Scout Schultz was a 21-year-old college senior with impeccable grades in a competitive program at Georgia Tech, just a few months away from graduation. He was well-known on campus for his activism and community leadership.
But by the end of Saturday night, he was dead after a bullet fired by a campus police officer pierced his heart, bringing a complicated and troubled life to a tragic end.
Scout identified as intersex and non-binary, which is to say he did not conform to the idea of being either male or female and preferred the pronouns “they” and “them.” He was the president of the Georgia Tech Pride Alliance, an LGBTQ student organization.
Schultz’s identity and activism came with a high price. The pressures of being open about his gender identity, being a social activist, and maintaining his academic performance weighed on him, according to a mental health counselor who knew Schultz. Schultz’s father said Scout suffered from depression, and had attempted suicide once.
It’s this backstory that led Schultz to his untimely end Saturday night, when campus police responded to a 911 call and found Schultz outside a dorm with a knife. The source of the 911 call? Schultz. He made the call that ended with his own death.
“Shoot me!” Schultz yelled to the officers as they tried to ask him what was wrong, and implored him to drop his weapon.
Schultz refused to engage the officers in conversation, or to comply with their orders to drop the knife. He continued to advance, and an officer fired one shot that hit Schultz in the chest. Schultz died at the hospital. The encounter was captured on video by a student recording on a cell phone (graphic content warning).
Three suicide notes were found in Schultz’s room afterward.
Were the officers right to shoot?
Now, as is becoming more common in incidents such as this, the officer who shot Schultz is being accused by Schultz’s father and by a family attorney who specializes in these cases of excessive force, despite video evidence showing Schultz advancing on the officers and ignoring their warnings.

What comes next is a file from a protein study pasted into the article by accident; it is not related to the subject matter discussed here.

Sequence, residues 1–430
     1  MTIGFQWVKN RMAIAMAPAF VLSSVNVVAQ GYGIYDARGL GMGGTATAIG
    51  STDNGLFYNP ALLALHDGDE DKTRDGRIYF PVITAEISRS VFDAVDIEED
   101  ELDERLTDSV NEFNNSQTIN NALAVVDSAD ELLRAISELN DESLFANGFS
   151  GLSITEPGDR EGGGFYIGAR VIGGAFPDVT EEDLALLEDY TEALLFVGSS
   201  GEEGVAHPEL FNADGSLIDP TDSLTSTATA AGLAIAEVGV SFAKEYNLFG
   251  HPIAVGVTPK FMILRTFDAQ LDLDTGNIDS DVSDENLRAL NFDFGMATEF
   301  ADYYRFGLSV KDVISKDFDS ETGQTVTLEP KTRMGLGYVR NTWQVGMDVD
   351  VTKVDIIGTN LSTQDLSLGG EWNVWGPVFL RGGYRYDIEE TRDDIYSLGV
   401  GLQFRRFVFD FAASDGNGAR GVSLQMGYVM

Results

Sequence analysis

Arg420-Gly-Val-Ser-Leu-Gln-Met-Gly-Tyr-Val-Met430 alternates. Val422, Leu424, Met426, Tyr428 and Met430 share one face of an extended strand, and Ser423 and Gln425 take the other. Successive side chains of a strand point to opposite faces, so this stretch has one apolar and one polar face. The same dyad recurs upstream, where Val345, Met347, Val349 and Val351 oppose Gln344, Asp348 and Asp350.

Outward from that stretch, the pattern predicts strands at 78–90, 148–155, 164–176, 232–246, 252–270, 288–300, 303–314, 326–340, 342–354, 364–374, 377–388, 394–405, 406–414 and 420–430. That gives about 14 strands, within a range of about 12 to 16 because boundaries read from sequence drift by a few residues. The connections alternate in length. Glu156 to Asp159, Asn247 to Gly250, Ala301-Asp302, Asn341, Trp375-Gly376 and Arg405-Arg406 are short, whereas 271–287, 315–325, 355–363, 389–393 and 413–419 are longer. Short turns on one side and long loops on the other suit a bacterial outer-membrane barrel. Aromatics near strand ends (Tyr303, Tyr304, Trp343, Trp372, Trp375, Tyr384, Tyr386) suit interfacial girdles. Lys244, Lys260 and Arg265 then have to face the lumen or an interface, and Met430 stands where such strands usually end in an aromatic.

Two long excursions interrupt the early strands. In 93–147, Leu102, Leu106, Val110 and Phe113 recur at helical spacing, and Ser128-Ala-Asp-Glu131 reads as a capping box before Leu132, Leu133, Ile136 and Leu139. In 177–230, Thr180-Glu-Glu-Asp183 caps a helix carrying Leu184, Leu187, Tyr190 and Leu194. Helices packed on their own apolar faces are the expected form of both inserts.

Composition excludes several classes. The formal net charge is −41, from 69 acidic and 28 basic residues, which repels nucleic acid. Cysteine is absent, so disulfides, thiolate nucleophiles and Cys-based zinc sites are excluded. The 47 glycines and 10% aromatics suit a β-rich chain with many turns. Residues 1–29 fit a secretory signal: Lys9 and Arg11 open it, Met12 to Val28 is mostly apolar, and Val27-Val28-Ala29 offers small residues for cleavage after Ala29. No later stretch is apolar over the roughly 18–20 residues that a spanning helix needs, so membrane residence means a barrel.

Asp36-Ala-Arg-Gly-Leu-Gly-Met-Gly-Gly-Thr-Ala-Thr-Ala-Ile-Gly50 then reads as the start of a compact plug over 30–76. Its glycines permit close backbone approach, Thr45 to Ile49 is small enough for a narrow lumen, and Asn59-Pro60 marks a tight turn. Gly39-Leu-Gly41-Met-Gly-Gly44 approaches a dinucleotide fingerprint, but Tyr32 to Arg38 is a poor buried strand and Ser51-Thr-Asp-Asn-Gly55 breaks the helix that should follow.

“People have breakdowns sometimes,” the attorney, L. Chris Stewart, said. “That doesn’t mean they deserve to die.”
Stewart alleges that police overreacted, and either lost patience or lacked training. He also questions why campus police weren’t equipped with non-lethal options such as stun guns.
Now, the Georgia Bureau of Investigation is tasked with sorting through the facts of this event.
This writer’s perspective
Scout Schultz put Georgia Tech police in an impossible situation. He called the police on himself. He reported the possibility that he had a knife and a gun (although no gun was found). He challenged armed officers who had every reason to believe Schultz had the capability to inflict deadly violence on them.
I believe it’s safe to say that everyone from the officer who fired the shot to the family of the victim would have preferred a different outcome. But, even in such tragic circumstances it would be unfair to place the blame on a police officer whose life was in the balance of the decision he chose to make.
None of those officers clocked in that day looking to end a young man’s life, but sadly, it appears that the young man picked up the phone that night looking to end his own. Healing of this tragedy won’t be found in scapegoating, but in compassion for the victim’s family and for the officers involved, and efforts to prevent incidents like this in the future.